The first event we tried to organize was pretty open ended. We wanted to hold a pot-luck in winter though we had no idea how many people might attend. Should we plan for 20 or 200? Searching for a indoor location for an unknown number of people made things way too complicated and we ended up never holding the potluck after about 5 months of planning.
On the other hand, we held a few events where we assumed that only a few people would come. This made planning much easier and it also reined our expectations way in. For the most part these meetings were successful, and though we rarely had more than 10 people, we ended up getting to know new folks each time and our group was small enough that we could easily hold a shared conversation.
Meetings Should Have Themes, not Agendas
The last thing people need in their life is one more meeting with a strict agenda. On the other hand, if you announce that you’re holding a neighborhood meeting but don’t give folks an idea of what you’re meeting about, they’re not going to waste their time on the unknown. So hold themed meetings. They can be about specific neighborhood topics – pedestrian safety, coordinated holiday light displays, or a recent rash of break-ins. Or you can meet around something more general– start a neighborhood knitting group, game night, or gardening meet-up.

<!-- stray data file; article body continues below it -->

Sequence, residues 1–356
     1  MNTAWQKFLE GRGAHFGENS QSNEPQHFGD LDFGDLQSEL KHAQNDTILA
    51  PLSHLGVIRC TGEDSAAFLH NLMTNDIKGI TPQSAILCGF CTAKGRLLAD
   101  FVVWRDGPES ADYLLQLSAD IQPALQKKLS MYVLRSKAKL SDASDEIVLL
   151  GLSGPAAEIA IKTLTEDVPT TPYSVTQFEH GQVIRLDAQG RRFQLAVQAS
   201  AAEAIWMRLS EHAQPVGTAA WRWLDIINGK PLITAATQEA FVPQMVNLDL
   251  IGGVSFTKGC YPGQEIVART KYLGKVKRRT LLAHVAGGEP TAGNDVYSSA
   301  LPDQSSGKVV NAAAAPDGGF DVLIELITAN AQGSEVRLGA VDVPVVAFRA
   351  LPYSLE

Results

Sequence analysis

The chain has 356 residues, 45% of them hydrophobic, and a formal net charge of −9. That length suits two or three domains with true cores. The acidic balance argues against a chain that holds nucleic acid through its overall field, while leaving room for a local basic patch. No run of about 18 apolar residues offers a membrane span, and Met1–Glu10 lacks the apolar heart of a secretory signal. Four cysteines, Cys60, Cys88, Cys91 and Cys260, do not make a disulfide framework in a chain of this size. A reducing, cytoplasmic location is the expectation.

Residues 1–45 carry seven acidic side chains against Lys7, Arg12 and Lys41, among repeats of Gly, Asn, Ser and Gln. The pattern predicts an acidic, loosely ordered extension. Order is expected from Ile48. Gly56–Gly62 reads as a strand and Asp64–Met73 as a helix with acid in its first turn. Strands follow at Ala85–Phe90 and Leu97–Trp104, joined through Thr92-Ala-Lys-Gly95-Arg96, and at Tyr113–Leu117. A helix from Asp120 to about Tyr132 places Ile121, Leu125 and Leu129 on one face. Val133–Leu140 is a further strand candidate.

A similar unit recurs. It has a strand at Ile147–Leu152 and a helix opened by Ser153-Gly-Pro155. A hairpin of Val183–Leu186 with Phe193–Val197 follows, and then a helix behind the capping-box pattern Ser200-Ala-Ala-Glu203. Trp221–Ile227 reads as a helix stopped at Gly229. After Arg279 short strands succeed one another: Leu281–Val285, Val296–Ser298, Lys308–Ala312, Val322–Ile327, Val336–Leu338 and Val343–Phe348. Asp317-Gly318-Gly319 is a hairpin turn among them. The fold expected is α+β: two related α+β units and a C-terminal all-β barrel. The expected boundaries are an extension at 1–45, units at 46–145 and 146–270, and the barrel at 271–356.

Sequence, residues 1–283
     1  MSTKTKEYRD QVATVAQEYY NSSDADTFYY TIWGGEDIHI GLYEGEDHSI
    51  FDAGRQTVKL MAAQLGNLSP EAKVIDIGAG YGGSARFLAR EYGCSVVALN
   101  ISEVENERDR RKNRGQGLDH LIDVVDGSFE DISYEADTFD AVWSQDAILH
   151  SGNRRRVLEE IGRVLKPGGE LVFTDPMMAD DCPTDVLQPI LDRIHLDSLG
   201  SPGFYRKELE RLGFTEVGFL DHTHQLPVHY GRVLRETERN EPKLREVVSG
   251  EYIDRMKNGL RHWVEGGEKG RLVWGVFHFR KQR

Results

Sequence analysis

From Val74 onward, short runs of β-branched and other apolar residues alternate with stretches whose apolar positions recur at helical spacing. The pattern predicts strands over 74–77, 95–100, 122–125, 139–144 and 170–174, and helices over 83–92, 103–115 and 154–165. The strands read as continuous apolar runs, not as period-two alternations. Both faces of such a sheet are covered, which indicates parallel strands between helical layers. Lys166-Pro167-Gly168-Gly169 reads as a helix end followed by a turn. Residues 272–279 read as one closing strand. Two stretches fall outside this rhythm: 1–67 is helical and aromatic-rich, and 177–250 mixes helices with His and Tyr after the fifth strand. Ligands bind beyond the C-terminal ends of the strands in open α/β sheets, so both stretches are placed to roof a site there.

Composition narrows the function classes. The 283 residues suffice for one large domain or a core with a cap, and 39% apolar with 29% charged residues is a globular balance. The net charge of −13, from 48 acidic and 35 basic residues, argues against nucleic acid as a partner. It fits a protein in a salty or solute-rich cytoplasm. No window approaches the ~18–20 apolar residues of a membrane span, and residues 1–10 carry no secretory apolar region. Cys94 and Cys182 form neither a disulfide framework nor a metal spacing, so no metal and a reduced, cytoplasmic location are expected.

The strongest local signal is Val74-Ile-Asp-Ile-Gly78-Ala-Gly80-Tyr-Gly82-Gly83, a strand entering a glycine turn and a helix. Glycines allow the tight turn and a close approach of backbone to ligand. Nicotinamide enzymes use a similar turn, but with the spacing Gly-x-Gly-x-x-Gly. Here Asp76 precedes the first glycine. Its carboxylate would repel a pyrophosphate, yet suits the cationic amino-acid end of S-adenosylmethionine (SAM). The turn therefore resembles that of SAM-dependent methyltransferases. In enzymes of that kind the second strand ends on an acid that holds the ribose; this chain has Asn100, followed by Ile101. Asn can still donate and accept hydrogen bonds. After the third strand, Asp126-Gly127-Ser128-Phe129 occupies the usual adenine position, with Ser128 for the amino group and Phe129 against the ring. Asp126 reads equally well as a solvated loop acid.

A theme gives people a sense of what to expect without creating too strict of a format. If the conversation wanders away from holiday lights, gardening or pedestrian safety, no worries. You’ll wander back to that eventually, but since there’s no agenda, there’s freedom for conversations to wander as neighbors get to know each other.
Meeting in a nearby restaurant or bar makes it easier for folks to attend who might not have time to grab dinner between work and the neighborhood gathering. It also means no prep work, no clean up, and the costs of the meeting get equitably shared. If you don’t know how many people to expect, then try to plan the event at a time when the restaurant or bar will have room for your group to expand if needed. In other words, don’t meet at peak hours when the place is probably going to be full.
Even if you’re never able to improve pedestrian safety, you find out that no one knits, and it turns out that the restaurant you thought would be nearly empty was completely packed, as long as some folks in the neighborhood met some other folks from the neighborhood that they didn’t know before, your meeting was a success. Pat yourself on the back.
Perhaps the most important thing I learned from this past year is that you don’t have to have an official neighborhood organization to build community in your ‘hood. You just need to have an idea, put out a call, and see who shows up. Every positive interaction between neighbors is a step towards building community. Keep the planning simple, gather around an idea, include food, and measure success through relationships.